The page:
What does this mean for developers? If I want to play your LCEVC on the Chrome browser, does Google need to deploy LCEVC? What about on a Samsung Smart TV?
LCEVC can be deployed at different levels in the software stack—in browsers and operating systems but also directly in service provider's players and apps.
Already today, services can deploy LCEVC-enhancement to browsers as software updates to their HTML5-based video player without requiring plugins. You can check http://player.v-nova.com to enjoy LCEVC-enhanced streams on your browser right now. The same applies to apps. Search ‘LCEVC' in Android/iOS/Microsoft stores and you will be able to install an app that plays LCEVC on your device today. Importantly, those are not tech demos: they are deployable implementations, and while working on actual deployments with our Early Adopter Program, we have also engaged with professional testing companies to soak test and certify them across devices.
Whilst not a requirement, some further efficiency benefits will ultimately be available from ecosystem enablers like device, browser and operating system companies integrating the technology at lower level, especially for devices such as Smart TVs. The licensing terms and the ease of integration are designed to facilitate that process.
So, if I decide to deploy LCEVC next month, how soon can I get full playback support on browsers, mobile devices, and OTT/Smart TVs?
The quick answer is right away for a broad percentage of the audience. Being Low Complexity, playback support can happen at different levels in the software stack. Service providers can deploy LCEVC right away on mobiles, tablets, Android streamers, Apple TVs, Xboxes, and browsers as part of their application or even scripted inside an HTML5 player. LCEVC becomes just another "app feature" that can be downloaded with the next update.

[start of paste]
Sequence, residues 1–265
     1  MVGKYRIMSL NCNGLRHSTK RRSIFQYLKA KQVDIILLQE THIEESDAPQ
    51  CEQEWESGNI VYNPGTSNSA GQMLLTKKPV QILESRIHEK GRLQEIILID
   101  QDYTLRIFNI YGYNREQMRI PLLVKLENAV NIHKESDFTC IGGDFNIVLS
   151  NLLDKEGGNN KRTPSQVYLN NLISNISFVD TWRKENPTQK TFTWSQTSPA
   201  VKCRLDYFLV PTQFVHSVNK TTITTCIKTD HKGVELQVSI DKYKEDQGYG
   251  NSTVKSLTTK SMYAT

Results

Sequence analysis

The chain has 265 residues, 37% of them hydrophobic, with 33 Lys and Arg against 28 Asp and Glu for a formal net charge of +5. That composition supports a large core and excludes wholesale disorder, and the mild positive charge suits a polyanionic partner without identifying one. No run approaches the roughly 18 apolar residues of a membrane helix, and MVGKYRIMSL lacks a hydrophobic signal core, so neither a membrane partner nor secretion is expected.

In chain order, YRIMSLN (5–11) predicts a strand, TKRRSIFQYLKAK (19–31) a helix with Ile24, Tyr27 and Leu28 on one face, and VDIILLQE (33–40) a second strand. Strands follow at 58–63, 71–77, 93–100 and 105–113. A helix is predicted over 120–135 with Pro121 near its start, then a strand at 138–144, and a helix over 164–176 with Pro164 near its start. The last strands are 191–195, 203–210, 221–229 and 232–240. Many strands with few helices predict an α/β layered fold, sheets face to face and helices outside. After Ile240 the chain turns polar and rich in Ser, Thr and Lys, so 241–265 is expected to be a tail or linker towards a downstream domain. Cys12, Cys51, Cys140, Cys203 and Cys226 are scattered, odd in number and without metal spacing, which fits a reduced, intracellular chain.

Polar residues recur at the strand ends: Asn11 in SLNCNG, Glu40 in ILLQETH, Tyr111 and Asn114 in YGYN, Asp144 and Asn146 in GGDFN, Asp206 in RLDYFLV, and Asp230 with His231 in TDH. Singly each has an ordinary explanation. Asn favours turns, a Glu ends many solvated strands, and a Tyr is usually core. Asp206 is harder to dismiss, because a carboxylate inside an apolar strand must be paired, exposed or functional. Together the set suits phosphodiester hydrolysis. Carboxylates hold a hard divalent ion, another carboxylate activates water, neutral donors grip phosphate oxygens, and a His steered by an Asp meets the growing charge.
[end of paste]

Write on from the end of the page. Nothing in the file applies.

With the V-Nova LCEVC fee structure, we expect ecosystem providers to take our optimised native libraries and start making LCEVC available natively in operating systems, browser and chipset drivers.
It's fair to say that companies in the Alliance for Open Media have been neutral to negative on MPEG codecs. Given that AOMedia members control so many critical platforms, what role will they play in LCEVC's acceptance?
LCEVC is, by design, a codec agnostic enhancer, and it was developed in very good terms with many of the key contributors to AOMedia. The role of LCEVC is to improve the efficiency of other codecs and to optimize the consumer video experience. This applies to AV1 as well. Actually, we feel that adding LCEVC enhancement to AV1 can significantly accelerate its adoption by enabling high-resolution playback in a host of devices without requiring the long cycle of dedicated hardware becoming available, whilst also reducing transcoding power requirements by >70% and decoding battery drain by up to 50%.
Jan Ozer put EVC, VVC, and LCEVC through the paces, checking each for not only encoding quality, encoding complexity, and playback efficiency but also power consumption. Each one has its pros and cons; read on to find out how they all performed.
Royalty will be paid by streaming service providers; the codec will be free for encoder/player developers
V-Nova CEO & Co-Founder Guido Meardi goes under the hood with LCEVC (Low Complexity Enhancement Video Coding) and explains how the magic happens in this clip from Streaming Media West 2019.
Unlike other cutting-edge codecs coming to market, LCEVC will have an immediate impact on the streaming landscape. Here's how to use it.
The pace of innovation is getting faster and the demands on video codecs are getting greater. MPEG's three-part plan answers questions of royalties, licensing, and computational efficiency. Meet VVC, MPEG-5 Part 1 (EVC), and MPEG-5 Part 2 (LCEVC).